The following is part of A Comprehensible Guide to Industrial Ethernet by Wilfried Voss.
Central Control is based on a single CPU burdened with the entire automation task.
Consequently, the data traffic between the CPU and the hardware interfaces is very high. Central Control requires the use of a high-performance (i.e., fast) CPU, especially when it comes to real-time control.
As the blow shown image demonstrates, there are numerous wires required to connect to digital and analog I/O points, motion controllers, and other devices.
These wires, depending on the machine’s dimensions, may cover long physical distances, and they require extensive troubleshooting efforts in case of wiring failures.
Distributed Control, in turn, utilizes multiple CPUs in a network structure, usually in a Master/Slave or Client/Server configuration. The increased number of processors (CPUs) in the network not only results in higher performance of the automation system but also lowers the required data traffic between the central control (Master or Server) and the underlying devices (Slaves or Clients).
One advantage of distributed control over central control lies in the circumstance that every single node in the network can be physically placed close to the input sensors/switches and the output signal receivers, thus eliminating the need for large cable bundles and supporting cable channels. The great physical distances are usually bridged on the network level, where a typical network requires only two wires to maintain the communication between the nodes.
In other words, distributed control requires less wiring than central control, and it is easier to troubleshoot in case of malfunctions. First, an error can be easily located through the node reporting the error. Secondly, the troubleshooting process is supported by the network communication protocol.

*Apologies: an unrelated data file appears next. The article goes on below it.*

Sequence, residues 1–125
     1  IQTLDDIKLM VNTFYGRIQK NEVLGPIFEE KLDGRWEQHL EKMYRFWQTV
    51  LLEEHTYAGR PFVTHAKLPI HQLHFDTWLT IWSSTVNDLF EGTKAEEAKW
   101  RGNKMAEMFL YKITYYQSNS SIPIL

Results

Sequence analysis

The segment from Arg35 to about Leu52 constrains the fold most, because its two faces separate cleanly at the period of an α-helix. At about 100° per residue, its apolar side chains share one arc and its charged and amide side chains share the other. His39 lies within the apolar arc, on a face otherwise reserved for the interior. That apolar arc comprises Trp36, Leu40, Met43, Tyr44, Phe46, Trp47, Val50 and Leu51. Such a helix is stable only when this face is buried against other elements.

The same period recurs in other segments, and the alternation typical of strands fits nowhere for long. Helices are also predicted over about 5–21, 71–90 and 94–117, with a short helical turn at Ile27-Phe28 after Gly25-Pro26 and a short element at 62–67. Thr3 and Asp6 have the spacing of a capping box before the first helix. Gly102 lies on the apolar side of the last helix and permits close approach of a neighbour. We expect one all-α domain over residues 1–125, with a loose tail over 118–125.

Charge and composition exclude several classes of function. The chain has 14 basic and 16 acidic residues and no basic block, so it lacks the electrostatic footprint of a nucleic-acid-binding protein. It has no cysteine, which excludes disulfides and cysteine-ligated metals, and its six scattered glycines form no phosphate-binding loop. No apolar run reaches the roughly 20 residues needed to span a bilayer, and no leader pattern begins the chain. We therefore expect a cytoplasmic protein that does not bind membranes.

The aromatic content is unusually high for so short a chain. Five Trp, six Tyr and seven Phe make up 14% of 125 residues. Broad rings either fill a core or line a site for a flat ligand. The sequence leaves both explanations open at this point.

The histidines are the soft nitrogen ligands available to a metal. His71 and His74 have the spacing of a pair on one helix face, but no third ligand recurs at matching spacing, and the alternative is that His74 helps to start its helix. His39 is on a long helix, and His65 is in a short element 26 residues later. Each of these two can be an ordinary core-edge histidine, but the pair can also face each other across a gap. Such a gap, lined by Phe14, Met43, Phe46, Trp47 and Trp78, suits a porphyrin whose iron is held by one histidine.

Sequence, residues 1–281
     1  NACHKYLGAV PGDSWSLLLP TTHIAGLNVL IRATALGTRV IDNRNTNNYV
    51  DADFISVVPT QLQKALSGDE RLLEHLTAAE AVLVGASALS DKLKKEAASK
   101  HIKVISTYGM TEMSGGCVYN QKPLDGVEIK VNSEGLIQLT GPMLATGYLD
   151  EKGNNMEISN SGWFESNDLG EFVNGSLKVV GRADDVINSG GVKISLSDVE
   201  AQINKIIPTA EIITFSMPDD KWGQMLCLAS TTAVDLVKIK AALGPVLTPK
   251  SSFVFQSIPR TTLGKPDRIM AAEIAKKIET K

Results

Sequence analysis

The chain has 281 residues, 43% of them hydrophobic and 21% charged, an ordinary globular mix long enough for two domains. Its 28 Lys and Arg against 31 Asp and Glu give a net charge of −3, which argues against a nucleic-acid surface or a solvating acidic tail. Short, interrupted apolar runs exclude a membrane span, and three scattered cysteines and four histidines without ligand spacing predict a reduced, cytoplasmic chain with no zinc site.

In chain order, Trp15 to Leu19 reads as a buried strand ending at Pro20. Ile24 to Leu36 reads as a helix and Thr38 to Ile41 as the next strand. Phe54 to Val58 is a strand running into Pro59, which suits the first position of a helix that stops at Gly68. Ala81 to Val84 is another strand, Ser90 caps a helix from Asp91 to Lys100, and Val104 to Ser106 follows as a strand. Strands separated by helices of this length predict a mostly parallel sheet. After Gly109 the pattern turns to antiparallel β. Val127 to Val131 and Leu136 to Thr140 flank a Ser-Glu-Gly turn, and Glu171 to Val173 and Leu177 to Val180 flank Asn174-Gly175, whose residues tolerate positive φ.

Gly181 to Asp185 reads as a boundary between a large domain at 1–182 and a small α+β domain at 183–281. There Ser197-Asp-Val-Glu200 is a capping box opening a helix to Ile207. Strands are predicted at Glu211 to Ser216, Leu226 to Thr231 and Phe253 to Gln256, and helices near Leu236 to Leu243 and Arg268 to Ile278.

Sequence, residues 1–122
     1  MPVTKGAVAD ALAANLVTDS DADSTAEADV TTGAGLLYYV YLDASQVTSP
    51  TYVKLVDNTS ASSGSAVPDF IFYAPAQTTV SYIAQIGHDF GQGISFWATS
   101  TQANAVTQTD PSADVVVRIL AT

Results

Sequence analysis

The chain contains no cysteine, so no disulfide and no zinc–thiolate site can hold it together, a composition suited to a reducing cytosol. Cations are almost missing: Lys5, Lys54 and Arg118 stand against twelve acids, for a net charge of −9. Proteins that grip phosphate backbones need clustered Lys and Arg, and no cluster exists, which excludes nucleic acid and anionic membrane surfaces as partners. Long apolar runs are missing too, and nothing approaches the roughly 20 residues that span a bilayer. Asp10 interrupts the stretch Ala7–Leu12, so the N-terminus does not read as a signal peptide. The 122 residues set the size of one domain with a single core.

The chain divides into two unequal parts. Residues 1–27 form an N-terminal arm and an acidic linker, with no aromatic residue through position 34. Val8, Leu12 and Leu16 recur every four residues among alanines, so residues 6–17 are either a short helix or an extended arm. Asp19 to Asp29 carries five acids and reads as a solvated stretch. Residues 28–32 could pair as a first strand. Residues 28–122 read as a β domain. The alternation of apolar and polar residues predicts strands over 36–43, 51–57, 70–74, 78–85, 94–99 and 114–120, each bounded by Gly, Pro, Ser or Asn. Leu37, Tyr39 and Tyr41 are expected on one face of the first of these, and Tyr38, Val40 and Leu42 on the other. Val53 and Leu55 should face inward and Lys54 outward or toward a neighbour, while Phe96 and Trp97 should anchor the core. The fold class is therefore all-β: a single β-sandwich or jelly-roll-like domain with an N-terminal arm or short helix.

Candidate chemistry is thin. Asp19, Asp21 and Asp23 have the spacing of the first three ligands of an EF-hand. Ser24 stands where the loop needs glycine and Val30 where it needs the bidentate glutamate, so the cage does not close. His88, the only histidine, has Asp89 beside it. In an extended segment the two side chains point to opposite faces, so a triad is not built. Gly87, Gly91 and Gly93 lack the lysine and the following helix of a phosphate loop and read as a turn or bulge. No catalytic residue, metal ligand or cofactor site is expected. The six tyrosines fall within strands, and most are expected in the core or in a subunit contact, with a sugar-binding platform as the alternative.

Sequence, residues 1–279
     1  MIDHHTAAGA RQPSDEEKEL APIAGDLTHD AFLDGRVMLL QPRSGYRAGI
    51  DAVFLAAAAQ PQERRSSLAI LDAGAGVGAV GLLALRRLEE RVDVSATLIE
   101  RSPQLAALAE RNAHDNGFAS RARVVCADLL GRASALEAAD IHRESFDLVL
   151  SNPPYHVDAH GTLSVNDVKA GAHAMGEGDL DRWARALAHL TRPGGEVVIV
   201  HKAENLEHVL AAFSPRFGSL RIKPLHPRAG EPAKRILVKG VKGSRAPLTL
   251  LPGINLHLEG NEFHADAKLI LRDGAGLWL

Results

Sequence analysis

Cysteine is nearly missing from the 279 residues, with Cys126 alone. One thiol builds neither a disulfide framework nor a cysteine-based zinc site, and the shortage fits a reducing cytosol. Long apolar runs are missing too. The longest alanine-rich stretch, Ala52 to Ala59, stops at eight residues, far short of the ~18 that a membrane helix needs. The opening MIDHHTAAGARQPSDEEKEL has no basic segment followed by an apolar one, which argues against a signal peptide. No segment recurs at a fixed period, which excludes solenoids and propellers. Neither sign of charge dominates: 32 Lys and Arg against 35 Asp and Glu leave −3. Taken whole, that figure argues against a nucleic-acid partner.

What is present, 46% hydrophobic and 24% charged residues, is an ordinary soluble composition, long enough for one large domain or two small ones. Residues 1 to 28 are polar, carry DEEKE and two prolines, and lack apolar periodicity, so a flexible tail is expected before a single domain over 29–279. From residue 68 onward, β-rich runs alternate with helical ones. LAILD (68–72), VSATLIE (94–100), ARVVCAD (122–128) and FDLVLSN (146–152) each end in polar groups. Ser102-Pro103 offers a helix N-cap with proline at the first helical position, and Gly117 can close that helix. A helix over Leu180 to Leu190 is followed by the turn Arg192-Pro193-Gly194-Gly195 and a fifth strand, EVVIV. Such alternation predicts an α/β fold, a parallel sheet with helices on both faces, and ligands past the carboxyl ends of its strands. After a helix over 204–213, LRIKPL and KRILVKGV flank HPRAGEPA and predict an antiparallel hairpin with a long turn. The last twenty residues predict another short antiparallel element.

Distributed control also translates into “distributed intelligence.” In this case, "Intelligence" represents the nodes’ capability to accomplish a significant part of their control tasks without support from the central control system. The more these nodes process internally, the less they depend on the speed of their communication means.
This circumstance can be best explained through the interaction between the Main Control (Master) and a network node (Slave), represented by either a “dumb” or “intelligent” motion controller:
In terms of data traffic, it makes a significant difference if the Main System has to communicate every single step of a complex motion profile using a high updating frequency compared to sending just a few data such as speed, acceleration, time, plus the actual start command.
An “intelligent” motion controller reduces the burden on the Main System and even helps to maintain some level of real-time control.
Note: While there are compelling reasons to prefer Distributed Control, Central Control is traditionally better suited for real-time control (See also chapter Real-Time Works Only in a Box).
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The following is part of A Comprehensible Guide to Industrial Ethernet by Wilfried Voss.Note: One of the fundamental advantages of Industrial Ethernet, besides its vast speed, lies in the fact that it owns all the beneficial features of a standard Fieldbus system and then a bit more. Admittedly, it shares these advantages with a significant number [...]
Automation Networks announced the release of their ANC-300e Converter. The ANC-300e has the combined performance as an Ethernet and RS-485 serial converter. The gateway behaves like a protocol converter/translator that allows difficult data interchanges and connections between incompatible networks.Supported RS-485 serial Protocols: Modbus Sniffer, A.O. Smith AIN, A.O. Smith PDNP, BACnet MS/TPClient, BACnet MS/TP Server, TCS Basys [...]